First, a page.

Bechtel Completes U.S. Missile Defense Project
- Company delivers missile silos and fields critical to U.S. National Security
Bechtel announced today the company has successfully completed design and construction of missile silos and fields vital to the security of the United States. The work was completed on schedule and within budget. The work was done under the U.S. Missile Defense Agency's Ground-based Midcourse Defense (GMD) Program, which aims to protect the U.S. from long-range ballistic missile attacks.
Bechtel has carried out key elements of the GMD program under a contract with Boeing since 1997. The company's significant achievements on the program include the engineering and construction of three missile fields consisting of 40 silos at Fort Greely, Alaska, and four operational silos and one test silo at Vandenberg Air Force Base (VAFB) in California. The company also designed and built missile test sites at VAFB and Meck Island in the Marshall Islands, and designed and built the Ground-Based Interceptor Development and Integration Lab in Alabama. Bechtel supported the execution of several successful flight tests on the GMD program, including the most recent Control Test Vehicle-01 test, conducted at VAFB. These flight tests evaluate the overall performance of each part of the missile defense system.
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"These are complex projects of national importance. Our team's commitment to the mission and collaboration with our customer ensured the customer's goal was met safely, on time, and within budget," said Craig Albert president of Bechtel's government services business unit.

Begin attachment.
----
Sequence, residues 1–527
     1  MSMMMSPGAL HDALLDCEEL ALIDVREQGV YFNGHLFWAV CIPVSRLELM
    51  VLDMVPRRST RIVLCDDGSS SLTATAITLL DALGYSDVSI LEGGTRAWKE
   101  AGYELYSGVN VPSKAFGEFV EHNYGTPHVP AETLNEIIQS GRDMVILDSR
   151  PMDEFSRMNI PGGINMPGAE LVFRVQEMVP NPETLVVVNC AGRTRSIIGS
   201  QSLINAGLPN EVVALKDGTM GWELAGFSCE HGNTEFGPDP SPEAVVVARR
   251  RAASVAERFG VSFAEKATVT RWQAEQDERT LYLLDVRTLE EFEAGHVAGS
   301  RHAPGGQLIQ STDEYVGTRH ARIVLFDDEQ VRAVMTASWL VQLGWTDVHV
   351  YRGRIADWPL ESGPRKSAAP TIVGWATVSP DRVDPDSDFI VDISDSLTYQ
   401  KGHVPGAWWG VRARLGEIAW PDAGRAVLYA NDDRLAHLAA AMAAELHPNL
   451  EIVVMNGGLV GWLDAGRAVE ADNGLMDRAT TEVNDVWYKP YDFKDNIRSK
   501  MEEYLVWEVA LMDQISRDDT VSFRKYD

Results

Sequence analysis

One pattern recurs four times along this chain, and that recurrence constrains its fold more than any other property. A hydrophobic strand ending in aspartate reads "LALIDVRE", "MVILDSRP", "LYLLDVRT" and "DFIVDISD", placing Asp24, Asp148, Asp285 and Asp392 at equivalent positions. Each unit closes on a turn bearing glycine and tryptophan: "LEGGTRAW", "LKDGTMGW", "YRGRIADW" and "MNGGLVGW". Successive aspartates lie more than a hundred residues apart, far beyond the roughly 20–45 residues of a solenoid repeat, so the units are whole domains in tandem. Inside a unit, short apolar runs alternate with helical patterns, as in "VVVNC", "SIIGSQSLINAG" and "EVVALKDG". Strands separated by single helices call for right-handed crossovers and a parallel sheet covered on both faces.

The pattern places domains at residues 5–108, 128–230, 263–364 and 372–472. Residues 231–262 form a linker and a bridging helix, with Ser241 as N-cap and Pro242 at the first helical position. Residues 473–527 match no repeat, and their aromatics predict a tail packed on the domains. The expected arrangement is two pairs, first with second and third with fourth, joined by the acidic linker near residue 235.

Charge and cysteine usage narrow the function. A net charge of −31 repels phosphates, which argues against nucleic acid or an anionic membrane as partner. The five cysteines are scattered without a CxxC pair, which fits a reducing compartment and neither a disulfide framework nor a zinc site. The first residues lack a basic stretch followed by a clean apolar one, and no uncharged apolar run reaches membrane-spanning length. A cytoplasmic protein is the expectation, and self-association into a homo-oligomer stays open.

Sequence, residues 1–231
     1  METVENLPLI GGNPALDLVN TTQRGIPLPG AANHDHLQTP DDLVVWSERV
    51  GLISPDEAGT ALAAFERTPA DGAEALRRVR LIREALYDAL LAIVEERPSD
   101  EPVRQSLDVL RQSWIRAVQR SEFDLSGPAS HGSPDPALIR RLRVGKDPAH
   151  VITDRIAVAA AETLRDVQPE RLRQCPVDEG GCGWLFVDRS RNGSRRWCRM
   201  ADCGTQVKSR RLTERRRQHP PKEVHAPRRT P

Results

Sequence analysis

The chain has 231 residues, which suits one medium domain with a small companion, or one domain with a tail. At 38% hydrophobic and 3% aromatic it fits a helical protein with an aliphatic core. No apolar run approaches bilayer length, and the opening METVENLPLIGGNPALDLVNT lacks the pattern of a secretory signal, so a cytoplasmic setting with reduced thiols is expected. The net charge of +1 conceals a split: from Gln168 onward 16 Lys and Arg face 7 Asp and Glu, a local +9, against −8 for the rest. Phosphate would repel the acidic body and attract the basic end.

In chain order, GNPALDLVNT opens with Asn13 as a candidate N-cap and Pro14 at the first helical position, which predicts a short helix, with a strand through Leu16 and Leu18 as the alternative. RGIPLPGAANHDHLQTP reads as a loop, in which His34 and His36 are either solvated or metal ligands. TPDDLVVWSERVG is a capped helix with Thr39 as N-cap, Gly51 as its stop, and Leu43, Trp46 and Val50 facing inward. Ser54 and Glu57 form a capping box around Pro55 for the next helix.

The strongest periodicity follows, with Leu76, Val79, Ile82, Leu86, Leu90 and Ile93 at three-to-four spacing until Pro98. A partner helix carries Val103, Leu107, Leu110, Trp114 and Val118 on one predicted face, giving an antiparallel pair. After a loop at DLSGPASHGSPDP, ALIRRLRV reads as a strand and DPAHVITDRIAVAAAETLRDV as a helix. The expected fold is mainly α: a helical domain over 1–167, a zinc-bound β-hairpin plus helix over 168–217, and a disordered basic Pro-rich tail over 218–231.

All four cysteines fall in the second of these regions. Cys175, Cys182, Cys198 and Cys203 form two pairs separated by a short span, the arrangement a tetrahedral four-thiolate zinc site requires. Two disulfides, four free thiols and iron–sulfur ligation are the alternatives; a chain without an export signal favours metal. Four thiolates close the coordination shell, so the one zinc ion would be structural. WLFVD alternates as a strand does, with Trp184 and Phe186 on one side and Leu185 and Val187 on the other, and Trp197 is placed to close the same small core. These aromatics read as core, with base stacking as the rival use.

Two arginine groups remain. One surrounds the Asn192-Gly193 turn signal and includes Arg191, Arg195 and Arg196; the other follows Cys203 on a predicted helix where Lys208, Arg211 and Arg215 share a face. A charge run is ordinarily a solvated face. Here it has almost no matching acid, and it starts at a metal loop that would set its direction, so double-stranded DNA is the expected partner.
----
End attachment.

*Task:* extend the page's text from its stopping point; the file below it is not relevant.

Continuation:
Bechtel's performance on the project was recognized by multiple awards. The Bechtel GMD team was awarded the Boeing Performance Excellence Award—Silver Level for quality and on-time delivery. And the Bechtel construction team received one of the first Voluntary Protection Program Star status awards for its safety and health program at a mobile construction site.
"The safety record on this project exceeded industry standards, even though the project locations were in remote areas where temperatures could range from -50F to 95F. In Alaska for example, the team was able to achieve more than 1.5 million hours with no lost-time incidents," said Joe Brown, Bechtel's GMD project manager. "We are pleased to have worked with Boeing to advance the U.S. Missile Defense Agency's important mission."
Source : Bechtel